‘My son will be watching’: Prince Harry opens up the kind of father he wants to be

By Meaghan Wray

Prince Harry knows how important family is, and is prepared to fill the role of being Archie Harrison’s father to the best of his ability!

At the UK’s first National Youth Mentoring Summit on July 2, the new dad opened up about how much his life has changed since welcoming Archie. The Duke of Sussex also spoke about how important it is to be a positive role model for young people.

Harry had plenty of good role models to turn to in his own family growing up! Photo: © Getty Images

“I’m struck by a few things today, most of which is the power of the invisible role model,” the royal began. “The person who may be sitting here today that doesn’t realize that someone looks up to them, that for that person, you inspire them to be kinder, better, greater, more successful, more impactful.”

“Perhaps it’s the newfound clarity I have as a father knowing that my son will always be watching what I do, mimicking that behaviour, one day maybe even following in my footsteps,” he continued.

He went on to explain that being a role model can “help heal wounds of your own past and create a better future for someone else,” which was perhaps an allusion to when his life changed with Princess Diana’s tragic and sudden death in August 1997.

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Today, The Duke of Sussex attended UK’s first National Youth Mentoring Summit, hosted by @DianaAward. The Diana Award, created in 1999, is a continuation of Princess Diana’s legacy and her belief that young people have the power to change the world for the better. Young people shared their experiences of being mentees and explained why it is so important to them to have businesses, organisations and leaders support mentoring. Two of these were influential young leaders Deborah and Dorcas Kabongo, who won the Diana Award in 2015 for their work on tackling key issues at the root of gang culture, focusing on the role of women and girls in gang-related violence and crime. They are having a real impact on their local community, showing those who may feel that joining a gang is their only option that there are alternatives in life. Since the creation of the Diana Award almost 20 years ago, the charity has recognised 48,000 selfless young people from across the world for their social action and humanitarian work. It has trained over 28,000 young people to stand up to bullying in their schools and communities through Anti-Bullying Ambassador training and supported over 1,000 vulnerable young people across the United Kingdom by introducing a positive role model into their lives through their Mentoring Programme. “I’m struck by a few things today, most of which is the power of the invisible role model. The person who may be sitting here today that doesn’t realise that someone looks up to them, that for that person, you inspire them to be kinder, better, greater, more successful, more impactful.” - The Duke of Sussex Thanks to organisations like The Diana Award the impact that young people can have is heard and acknowledged. For those who wish to become part of the programme and make a difference, please discover our link in bio for more information. Photo credit: Carmel King/The Diana Award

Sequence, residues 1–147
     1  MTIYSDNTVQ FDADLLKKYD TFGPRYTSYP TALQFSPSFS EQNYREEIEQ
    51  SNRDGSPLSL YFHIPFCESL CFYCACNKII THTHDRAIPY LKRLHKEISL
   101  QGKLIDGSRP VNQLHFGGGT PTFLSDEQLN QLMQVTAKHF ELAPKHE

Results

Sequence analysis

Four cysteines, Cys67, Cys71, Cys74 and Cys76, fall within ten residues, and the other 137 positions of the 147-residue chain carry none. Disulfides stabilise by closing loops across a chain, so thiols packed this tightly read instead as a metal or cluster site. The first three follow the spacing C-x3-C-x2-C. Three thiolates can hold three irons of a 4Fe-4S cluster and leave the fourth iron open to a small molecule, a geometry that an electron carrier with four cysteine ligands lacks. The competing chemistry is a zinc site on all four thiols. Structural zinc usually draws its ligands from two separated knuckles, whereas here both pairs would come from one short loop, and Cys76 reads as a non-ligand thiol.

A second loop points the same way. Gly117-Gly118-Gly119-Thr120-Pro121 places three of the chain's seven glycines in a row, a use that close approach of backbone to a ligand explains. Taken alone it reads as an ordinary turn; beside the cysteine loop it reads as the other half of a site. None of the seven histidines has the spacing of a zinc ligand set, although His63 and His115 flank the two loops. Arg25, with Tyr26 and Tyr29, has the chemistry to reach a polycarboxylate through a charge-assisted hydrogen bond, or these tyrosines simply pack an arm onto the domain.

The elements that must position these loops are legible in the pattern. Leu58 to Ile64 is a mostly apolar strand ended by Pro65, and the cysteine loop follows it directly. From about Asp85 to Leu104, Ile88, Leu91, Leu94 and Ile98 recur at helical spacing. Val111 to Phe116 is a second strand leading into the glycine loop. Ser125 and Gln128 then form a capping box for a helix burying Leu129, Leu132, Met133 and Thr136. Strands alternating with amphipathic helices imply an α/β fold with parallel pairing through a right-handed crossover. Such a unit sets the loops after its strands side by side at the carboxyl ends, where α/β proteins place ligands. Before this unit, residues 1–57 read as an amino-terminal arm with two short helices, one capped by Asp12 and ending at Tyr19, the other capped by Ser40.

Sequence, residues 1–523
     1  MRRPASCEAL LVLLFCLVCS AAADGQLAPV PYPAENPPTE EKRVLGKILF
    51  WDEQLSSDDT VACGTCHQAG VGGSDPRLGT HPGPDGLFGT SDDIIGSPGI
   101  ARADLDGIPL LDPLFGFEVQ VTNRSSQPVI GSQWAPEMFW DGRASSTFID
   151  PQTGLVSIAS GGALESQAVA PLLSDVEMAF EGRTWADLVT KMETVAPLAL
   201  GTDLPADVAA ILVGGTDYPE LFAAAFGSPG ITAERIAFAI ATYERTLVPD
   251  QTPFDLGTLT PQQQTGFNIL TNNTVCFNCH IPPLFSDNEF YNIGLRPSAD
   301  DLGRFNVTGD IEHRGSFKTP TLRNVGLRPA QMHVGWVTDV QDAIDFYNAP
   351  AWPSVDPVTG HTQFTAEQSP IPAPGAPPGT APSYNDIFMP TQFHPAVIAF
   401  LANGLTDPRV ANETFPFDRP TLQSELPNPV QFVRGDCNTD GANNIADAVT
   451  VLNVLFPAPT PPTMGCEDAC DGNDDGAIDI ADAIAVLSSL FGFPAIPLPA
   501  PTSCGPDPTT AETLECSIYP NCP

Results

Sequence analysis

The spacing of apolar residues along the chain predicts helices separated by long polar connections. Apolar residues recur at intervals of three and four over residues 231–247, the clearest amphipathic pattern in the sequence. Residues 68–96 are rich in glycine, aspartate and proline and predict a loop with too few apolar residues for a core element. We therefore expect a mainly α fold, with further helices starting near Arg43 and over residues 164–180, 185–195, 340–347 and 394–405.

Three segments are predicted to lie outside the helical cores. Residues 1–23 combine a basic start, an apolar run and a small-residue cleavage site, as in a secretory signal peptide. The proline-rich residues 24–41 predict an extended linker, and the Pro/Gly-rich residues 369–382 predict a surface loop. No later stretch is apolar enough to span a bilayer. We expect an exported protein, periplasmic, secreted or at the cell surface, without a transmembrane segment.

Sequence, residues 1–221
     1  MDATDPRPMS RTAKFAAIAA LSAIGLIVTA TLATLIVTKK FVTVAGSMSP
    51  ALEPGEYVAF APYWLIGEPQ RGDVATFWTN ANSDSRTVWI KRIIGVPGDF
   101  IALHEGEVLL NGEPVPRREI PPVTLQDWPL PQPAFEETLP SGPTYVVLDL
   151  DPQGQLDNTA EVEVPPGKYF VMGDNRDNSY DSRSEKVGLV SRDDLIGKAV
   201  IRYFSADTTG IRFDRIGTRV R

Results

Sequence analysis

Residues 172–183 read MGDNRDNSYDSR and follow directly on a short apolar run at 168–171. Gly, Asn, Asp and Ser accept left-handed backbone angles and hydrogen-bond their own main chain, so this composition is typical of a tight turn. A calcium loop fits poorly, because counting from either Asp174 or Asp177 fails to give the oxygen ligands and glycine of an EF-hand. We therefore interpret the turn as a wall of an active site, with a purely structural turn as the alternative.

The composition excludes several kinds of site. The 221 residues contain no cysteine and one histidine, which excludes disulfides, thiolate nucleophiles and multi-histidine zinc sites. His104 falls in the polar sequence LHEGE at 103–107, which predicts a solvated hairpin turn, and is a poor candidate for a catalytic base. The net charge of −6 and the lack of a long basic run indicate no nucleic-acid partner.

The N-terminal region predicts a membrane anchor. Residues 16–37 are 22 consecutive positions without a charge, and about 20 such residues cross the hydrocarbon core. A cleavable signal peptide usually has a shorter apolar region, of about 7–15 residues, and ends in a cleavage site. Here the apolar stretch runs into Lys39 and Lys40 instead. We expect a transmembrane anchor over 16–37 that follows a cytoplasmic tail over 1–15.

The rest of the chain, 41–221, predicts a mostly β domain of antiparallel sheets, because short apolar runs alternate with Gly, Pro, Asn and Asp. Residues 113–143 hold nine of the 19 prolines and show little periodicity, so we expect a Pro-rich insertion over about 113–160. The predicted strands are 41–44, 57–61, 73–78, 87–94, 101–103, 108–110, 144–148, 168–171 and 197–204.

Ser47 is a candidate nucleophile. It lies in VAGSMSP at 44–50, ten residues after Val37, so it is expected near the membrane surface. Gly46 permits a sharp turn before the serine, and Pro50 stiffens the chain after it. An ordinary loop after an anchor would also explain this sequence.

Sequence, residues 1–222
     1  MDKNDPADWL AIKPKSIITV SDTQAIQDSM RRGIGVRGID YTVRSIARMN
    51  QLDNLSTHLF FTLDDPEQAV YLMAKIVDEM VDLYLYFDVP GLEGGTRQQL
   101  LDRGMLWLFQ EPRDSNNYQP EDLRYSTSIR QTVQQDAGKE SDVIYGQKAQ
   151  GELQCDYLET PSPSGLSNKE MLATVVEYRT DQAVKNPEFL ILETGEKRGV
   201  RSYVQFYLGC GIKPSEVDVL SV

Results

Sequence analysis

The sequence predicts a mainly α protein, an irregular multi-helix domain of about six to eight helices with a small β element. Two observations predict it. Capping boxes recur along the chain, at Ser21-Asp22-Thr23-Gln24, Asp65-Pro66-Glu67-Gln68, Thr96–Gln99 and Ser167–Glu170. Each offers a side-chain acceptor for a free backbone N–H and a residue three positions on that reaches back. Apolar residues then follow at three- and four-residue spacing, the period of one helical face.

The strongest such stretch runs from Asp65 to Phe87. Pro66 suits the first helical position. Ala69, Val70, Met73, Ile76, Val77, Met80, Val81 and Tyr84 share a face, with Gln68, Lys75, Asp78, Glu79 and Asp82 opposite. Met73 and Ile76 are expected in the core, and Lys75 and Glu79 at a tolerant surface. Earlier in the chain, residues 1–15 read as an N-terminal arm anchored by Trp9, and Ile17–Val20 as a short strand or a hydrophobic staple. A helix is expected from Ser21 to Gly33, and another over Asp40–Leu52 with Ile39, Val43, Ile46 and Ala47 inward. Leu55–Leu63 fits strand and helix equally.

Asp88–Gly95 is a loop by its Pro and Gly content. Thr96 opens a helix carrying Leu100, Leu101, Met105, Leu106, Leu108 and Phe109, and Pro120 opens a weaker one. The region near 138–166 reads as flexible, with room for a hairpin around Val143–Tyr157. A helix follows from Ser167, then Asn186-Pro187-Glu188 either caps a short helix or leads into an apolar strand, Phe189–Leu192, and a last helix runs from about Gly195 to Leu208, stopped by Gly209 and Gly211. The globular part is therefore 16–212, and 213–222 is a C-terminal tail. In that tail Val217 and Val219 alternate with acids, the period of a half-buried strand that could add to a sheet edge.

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Since then, Harry has gone on to found Sentebale and the Invictus Games Foundation – two organizations that strive to make the world a better place. The former supports people and families affected by HIV/AIDS and the latter provides an outlet for injured and wounded armed service members and former soldiers.

The event was hosted by The Diana Award, which was founded in 1996. It’s a continuation of his late mom’s legacy, and her strong belief in young people and their ability to change the world.

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